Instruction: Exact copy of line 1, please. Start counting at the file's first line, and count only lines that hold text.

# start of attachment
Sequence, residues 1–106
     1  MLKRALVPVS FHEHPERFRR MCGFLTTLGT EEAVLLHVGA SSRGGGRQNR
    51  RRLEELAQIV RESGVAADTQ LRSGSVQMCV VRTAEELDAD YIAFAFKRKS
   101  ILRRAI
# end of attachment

Sequence, residues 1–106